Best bites: Crystal Beer Parlor, Melting Pot

Crystal Beer Parlor

Crystal Beer Parlor

I usually don't go into a restaurant that's only been open two day -- but I knew the buzz around Crystal Beer Parlor wouldn't allow a wait. The landmark (1933) restaurant has undergone many transformations and is as much a part of the native culture as the St. Patrick's Day parade. It looks like the tradition is in good hands. Already, the food is a quantum leap from my last visit there some three years ago. It's been deep-cleaned, brightened and retooled into a lively, vital restaurant. My friend David loved his Greek taco -- house made spicy gyro meat and the classic fixings inside a half-folded pita bread. He would have liked more salt on his hand cut potato chips -- and I agree. We both loved our gumbo, but come on folks, don't call it gumbo! It's not. No, interpretations of gumbo are not allowed. Call it Meat Head Stew, call it Beer Parlor Stew -- just don't call this meat-laden, rice-rich dish gumbo. I'll have this again...and again. My hand cut French fries and delicately thin onion rings were perfect. My au poivre burger needed more pepper and was overcooked beyond my request. Still, these guys were slammed on day two -- I'll overlook these issues. The brandy pepper sauce with grilled onions came on the side at my request -- man, it's rich, loaded with flavor and the perfect accompaniment to dress up this burger. Show the Nichols brothers some love -- remember this is a work in progress. Still, the CPB is back, and with a bang. Oh, I'm very impressed withe craft beer list -- and a "beers of your fathers" list that contains old-timers like Strohs, Genesee and Micky's.

301 W. Jones St./349-1000

The Melting Pot

It's no surprise that engineers turned restauranteurs Josh Behringer and Jason Stravinski nailed every detail of this new restaurant. It's beautiful, stunning even, and stands as a testament to these young guys' commitment. Ms. T.J. and I were seated in the couples only booths that are very private and set aside from other areas of the restaurant. What we embarked on was the restaurant's "Big Night Out" -- a themed menu that changes quarterly and currently reflects the roots of the restaurant's fondue-based meals -- cheeses and foods of the Alpine nations. The Big Night Out is five courses: cheese fondue with veggies, breads and apples, a salad course, a choice of three entrees and a course of chocolate fondue. Pricing is determined by entree course and is based on per couple. Ala carte and substitutions are allowed -- with no additional charges or conditions. That was the first tip that we'd be receiving exceptional service. And we did. Servers provide ample instructions on handling your hot fondue pot, cooking times and make excellent recommendations regarding menu choices and wines. Honestly, a critical dissection of this experience in a handful of words is impossible. Consider that the entire evening comprised about two-and-a-half hours of fairly intensive engagement with the fondue pots and one another as we dipped, boiled and sauced our way through dinner. Our entree course consisted of three veggies and a plate of bite-sized meats that covered the range from shrimp, ravioli and lobster to chicken, steak, Polish sausage and sauerbraten. It's a lot of food, but remember, you control the pacing. Of course, we basked in the chocolate course that offered treats from marshmallows to fruit to cheesecake for dipping. And now I get it -- why The Melting Pot is such a popular date night getaway -- elegant, cozy, private. The simple process of fondue creates togetherness diners rarely experience in a traditional setting. The restaurant offers larger tables and a small meeting room that can handle parties up to about 25.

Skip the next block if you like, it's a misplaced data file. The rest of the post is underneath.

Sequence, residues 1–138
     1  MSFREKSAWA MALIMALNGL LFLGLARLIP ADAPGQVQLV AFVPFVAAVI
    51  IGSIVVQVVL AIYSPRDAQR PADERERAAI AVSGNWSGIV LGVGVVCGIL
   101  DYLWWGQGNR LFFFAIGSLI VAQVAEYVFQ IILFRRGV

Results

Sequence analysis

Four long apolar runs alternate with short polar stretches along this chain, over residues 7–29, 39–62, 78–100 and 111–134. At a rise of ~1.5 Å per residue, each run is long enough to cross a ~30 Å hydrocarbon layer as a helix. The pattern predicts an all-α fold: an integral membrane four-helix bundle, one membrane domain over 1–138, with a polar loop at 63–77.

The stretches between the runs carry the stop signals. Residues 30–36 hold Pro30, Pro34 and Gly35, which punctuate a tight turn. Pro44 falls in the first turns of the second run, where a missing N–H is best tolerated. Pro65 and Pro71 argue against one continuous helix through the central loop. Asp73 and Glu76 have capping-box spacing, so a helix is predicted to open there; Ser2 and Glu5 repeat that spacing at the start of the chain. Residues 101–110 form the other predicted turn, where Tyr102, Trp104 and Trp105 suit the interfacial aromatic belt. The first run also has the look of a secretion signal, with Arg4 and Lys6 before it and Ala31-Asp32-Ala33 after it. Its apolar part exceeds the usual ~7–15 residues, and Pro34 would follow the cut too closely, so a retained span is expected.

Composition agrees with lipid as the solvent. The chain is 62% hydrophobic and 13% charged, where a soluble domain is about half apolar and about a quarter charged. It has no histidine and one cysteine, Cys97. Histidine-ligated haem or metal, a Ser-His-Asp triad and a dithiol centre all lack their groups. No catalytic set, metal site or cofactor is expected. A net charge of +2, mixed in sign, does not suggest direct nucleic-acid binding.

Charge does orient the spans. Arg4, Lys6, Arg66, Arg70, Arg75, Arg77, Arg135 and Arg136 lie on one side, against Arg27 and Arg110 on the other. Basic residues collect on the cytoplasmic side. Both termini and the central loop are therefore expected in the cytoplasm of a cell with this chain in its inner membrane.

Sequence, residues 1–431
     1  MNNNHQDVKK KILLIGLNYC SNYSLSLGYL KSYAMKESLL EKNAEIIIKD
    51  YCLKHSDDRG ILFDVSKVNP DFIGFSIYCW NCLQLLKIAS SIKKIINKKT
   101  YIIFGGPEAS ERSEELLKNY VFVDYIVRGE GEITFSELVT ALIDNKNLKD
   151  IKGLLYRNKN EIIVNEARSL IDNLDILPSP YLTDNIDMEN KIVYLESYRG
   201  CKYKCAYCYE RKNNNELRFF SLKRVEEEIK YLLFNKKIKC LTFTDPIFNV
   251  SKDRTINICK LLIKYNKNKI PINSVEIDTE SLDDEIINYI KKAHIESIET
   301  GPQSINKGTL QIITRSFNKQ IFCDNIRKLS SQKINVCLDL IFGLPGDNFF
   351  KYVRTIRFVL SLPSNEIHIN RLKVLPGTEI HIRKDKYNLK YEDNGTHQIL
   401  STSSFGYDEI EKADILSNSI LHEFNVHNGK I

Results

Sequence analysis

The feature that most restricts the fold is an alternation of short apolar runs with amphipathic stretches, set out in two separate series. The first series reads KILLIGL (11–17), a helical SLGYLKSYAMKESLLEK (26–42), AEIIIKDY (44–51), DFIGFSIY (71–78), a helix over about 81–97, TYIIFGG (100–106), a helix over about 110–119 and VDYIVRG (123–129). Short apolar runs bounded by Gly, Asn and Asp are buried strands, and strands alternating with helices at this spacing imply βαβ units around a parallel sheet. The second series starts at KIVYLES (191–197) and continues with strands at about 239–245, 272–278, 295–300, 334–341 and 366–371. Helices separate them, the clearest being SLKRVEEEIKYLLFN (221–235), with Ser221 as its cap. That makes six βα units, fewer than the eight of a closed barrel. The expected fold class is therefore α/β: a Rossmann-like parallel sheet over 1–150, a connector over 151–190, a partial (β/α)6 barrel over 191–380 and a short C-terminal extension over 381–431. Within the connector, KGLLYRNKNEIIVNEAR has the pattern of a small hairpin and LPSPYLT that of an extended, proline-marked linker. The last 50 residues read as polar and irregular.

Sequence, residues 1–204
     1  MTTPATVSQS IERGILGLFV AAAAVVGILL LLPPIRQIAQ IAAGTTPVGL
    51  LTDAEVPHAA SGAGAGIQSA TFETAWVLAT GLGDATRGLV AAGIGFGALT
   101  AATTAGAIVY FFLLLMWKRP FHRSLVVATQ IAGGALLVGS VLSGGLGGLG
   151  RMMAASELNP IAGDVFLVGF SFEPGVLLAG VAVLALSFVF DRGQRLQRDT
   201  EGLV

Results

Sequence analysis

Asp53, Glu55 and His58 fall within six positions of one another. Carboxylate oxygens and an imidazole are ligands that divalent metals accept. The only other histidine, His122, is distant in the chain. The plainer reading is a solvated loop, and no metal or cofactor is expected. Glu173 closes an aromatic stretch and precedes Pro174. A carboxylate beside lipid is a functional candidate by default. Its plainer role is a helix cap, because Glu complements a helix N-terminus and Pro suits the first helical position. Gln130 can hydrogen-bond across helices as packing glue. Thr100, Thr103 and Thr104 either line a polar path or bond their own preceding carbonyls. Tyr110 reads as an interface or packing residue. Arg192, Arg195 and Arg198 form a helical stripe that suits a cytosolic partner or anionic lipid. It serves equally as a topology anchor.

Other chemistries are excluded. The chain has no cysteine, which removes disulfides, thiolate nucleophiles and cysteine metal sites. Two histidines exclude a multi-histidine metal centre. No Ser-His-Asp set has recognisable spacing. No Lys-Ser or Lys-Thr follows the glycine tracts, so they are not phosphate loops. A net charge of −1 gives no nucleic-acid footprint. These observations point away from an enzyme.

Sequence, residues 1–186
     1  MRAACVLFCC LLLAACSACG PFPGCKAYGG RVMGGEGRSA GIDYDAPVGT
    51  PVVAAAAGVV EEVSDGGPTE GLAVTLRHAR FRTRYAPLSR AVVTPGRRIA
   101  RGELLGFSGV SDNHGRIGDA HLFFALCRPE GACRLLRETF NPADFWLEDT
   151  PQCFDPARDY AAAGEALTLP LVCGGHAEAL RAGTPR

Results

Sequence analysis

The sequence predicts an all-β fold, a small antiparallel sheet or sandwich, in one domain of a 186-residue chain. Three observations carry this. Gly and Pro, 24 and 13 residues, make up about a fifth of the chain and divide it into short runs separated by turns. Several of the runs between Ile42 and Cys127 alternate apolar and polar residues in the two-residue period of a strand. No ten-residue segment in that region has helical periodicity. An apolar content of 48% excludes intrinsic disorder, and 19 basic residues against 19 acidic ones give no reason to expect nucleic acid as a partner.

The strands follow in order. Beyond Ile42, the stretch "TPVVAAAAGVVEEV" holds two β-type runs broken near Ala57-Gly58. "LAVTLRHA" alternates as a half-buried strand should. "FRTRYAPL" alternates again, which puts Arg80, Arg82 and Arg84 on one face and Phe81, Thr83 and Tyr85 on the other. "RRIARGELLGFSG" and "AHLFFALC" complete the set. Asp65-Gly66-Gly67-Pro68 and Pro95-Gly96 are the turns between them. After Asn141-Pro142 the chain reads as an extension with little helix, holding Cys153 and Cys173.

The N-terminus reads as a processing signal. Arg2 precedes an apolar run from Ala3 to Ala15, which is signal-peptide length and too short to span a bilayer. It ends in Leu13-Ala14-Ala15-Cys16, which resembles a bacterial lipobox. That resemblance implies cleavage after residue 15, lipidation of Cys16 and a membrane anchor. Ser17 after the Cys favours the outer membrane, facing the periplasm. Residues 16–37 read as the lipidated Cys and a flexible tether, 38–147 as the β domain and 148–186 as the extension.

232 E. Broughton St./349-5676





Tim Rutherford

Tim Rutherford grew up in rural Kentucky – then left home to pursue more than three decades as a photojournalist and newsman. A ground-breaking meal in New Orleans in 1979 set him on a path exploring food and wine. Six years ago he changed career paths – now spending his time writing about the people and places...
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